Macbeth by William Shakespeare. Directed by Eric Hill.
Reviewed by J. Peter Bergman
"...look like the innocent flower, But be the serpent underít."
Keira Naughton and C. J. Wilson; photo: Jaime Donaldson
History may take its time happening, but in a Shakespeare tragedy directed by Eric Hill time is speeded up to an almost intense level and the English language as it was once spoken becomes a whirlwind of words forming instantly fading images that pile up somewhere off-stage-right in mountainous structures that will soon fade into memory. The biggest complaint heard from theater-goers who donít like Shakespeare is how long it takes to get the story seen and heard. Well, no fear with the Berkshire Theatre Festivalís current offering. The story is on, underway, and over before you even know it.
The energy generated and expended in just the first act, one hour and fifteen minutes long, could light up the town of Stockbridge for about thirty-seven hours. Words tumble out of mouths, hit the ground and bounce back up to be confronted by more words. Sometimes they make perfect sense and sometimes the senses are assaulted by the nonsense engendered in this form of delivery. Somehow by the end of the act it all makes sense again.
This is Eric Hillís style of direction. The Scottish Play (you donít say itís real name, folks; that is bad luck) tolerates it well. His players seem to know how to get out their phrases in comprehensible ways while tossing off those lines as though they were playing basketball in the corner court. In. Jump. Spin. Toss. Rebound. And so it goes.
Among the best of the players in this game of ĎShakespeare On the Sideí are some remarkable young men and women. Walter Hudson, for example, as Banquo, the title characterís best friend and hereditary enemy commands the stage in the rapid-fire game. Once murdered his cadaverous corpse becomes a symbol of all thatís wrong in the Denmark of Scotland. Make no mistake, there is something rotten here, besides the incidents in the plot. There is something very rotten and wrong in this production of a play that bears a long dire history of tragedies all its own.
Hillís direction is based on eastern philosophies of theater presentation and while that can be compelling - the three witches for example manage to work well in a heavily stylized form of delivery and Elizabeth Terry, Tommy Schrider and Equiano Mosieri are eerie and weird and mesmerizing in these roles - it can also keep an audience at a distance. This play should draw in its viewers, hold them fast and nearly torture them with anxieties. This production never quite does that, although it has its moments, most of them early on in the first act.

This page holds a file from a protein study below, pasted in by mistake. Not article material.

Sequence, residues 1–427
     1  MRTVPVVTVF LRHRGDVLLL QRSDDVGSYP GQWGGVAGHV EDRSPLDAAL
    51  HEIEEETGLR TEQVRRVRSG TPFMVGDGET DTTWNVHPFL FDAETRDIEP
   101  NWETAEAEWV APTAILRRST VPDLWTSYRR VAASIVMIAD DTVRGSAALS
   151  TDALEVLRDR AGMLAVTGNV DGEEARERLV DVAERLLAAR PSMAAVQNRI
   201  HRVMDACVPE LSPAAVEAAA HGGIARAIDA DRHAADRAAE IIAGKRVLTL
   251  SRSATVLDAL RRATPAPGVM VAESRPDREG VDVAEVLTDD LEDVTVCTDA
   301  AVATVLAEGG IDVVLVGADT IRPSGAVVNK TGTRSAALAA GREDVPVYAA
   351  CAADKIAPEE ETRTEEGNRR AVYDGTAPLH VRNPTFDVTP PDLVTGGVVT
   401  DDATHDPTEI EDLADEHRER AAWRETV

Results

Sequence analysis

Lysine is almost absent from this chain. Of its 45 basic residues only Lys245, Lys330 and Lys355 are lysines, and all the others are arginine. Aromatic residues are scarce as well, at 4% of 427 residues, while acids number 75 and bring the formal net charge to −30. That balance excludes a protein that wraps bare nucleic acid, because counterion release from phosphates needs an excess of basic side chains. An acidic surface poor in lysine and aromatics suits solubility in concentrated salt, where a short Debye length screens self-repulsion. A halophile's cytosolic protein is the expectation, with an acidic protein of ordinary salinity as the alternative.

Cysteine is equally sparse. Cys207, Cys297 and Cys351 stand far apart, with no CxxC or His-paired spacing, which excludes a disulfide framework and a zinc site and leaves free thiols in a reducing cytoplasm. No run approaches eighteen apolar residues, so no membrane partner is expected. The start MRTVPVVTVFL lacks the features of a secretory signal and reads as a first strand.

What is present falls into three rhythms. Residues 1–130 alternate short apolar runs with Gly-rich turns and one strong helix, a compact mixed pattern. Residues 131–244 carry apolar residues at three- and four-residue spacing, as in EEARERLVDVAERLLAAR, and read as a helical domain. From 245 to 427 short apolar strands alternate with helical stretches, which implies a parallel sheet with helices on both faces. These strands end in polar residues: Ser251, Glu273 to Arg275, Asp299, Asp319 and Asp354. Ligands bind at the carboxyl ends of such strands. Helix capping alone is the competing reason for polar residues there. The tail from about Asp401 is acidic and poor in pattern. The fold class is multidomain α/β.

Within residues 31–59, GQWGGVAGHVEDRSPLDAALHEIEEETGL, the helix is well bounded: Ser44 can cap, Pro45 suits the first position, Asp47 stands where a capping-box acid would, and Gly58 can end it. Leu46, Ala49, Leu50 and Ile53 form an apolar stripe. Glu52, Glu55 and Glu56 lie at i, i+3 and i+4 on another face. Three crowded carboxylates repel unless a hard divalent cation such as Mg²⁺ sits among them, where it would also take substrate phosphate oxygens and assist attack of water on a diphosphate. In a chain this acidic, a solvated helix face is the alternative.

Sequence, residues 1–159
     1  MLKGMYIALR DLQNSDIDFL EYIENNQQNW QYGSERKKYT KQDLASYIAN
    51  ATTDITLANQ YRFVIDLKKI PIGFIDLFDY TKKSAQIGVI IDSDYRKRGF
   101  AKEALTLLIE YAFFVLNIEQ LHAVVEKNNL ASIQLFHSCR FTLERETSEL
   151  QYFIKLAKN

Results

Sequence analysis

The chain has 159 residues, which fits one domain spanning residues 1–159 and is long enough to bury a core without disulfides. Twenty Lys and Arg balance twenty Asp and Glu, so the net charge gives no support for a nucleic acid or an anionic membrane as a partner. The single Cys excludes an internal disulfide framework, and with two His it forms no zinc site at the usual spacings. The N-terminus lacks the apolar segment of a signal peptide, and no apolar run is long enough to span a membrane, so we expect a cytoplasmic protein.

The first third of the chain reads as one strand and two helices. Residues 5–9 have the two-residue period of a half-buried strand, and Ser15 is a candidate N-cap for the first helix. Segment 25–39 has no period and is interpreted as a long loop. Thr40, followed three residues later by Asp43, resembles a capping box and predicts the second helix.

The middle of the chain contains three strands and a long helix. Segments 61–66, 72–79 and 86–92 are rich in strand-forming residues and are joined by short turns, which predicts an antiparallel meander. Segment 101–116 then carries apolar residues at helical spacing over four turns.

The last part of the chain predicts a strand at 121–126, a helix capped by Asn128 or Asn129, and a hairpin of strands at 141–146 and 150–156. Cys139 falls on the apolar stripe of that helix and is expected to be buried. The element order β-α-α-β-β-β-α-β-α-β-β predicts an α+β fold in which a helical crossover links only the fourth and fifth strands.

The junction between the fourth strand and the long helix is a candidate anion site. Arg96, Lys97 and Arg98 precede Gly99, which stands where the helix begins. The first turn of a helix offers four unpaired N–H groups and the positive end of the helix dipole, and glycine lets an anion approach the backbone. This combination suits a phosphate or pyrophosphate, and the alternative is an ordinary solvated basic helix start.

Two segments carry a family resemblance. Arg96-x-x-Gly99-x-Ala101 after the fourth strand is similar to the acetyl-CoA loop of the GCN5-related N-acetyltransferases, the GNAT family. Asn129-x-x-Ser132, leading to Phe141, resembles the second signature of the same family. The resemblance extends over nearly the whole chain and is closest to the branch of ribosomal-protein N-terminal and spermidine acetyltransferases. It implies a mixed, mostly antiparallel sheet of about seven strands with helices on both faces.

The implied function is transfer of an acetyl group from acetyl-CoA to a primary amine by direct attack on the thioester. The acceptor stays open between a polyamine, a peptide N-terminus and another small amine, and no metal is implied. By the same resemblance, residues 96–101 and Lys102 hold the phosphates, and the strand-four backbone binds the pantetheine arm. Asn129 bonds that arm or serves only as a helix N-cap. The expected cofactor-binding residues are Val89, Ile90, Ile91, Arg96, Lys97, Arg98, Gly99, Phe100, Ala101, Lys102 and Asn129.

C. J. Wilson is an interesting but never compelling Macbeth, or Lord The Scottish Play. There is no grandeur in his playing, not that that is easy to achieve. Still there is no majesty either and no real commanding presence. He delivers his lines in a deliberate fashion and is generally understandable. He has a good look and a fine stance and in the final sequence, fighting shadows for his life and sanity, he clearly loses his grip on reality. Finely done, but never engaging.
As Lady The Scottish Play Keira Naughton delivers the lines but never the beauty, the bizarre, twisted beauty of the woman who utters them. Her sleepwalking scene in Act Two, one of the few places where the play slows down time to become a moment of reality, she is not sympathetic. She is as cold as a cucumber, as ritualized as a career nun nearing the end of her days. Itís too bad. Naughton should be able to do much better at this stage in her career.
Brandy Caldwell is a fine Lady Macduff, Ralph Petillo is a fine Duncan and an even better Doctor and Aaron Costa Ganis an excellent Malcolm. The ensemble players make the most of their moments and some of those moments are chilling.
The star of the show is definitely the set designed by Joseph Varga. An ugly marble cavern in a quarry it accepts the odd lights and projections thrown all over it by lighting designer Dan Kotlowitz. The instant changes in place and time of day are actually realized in this combination of set and lights. Olivera Gajicís nearly monotone costumes function well, but someone should have explained to her how awful an idea it was to put Keira Naughton into a tight-bodiced strapless red evening gown which made her shoulders too broad, her arms too sluggish and her body too squat. It is not the best look of the evening.
Itís a get in, get it on, get it over with, get out evening with Shakespeare. Two hours and seventeen minutes with the intermission and someoneís head is on a pike. Itís intriguing, indeed, and not a major investment on your part, so why not give it a try. You might, like me, find it fascinating but not arresting. You might find it more alluring or elusive. The Scottish Play is on the boards with a new style and a new sound and it is someoneís cup of tea. Yours, perhaps.
Walter Hudson as Banquo's Ghost; photo: Jaime Donaldson
Macbeth plays through August 14 at the Berkshire Theatre Festival, located on Route 7 in Stockbridge, MA. For information and tickets contact the box office at 413-298-5576.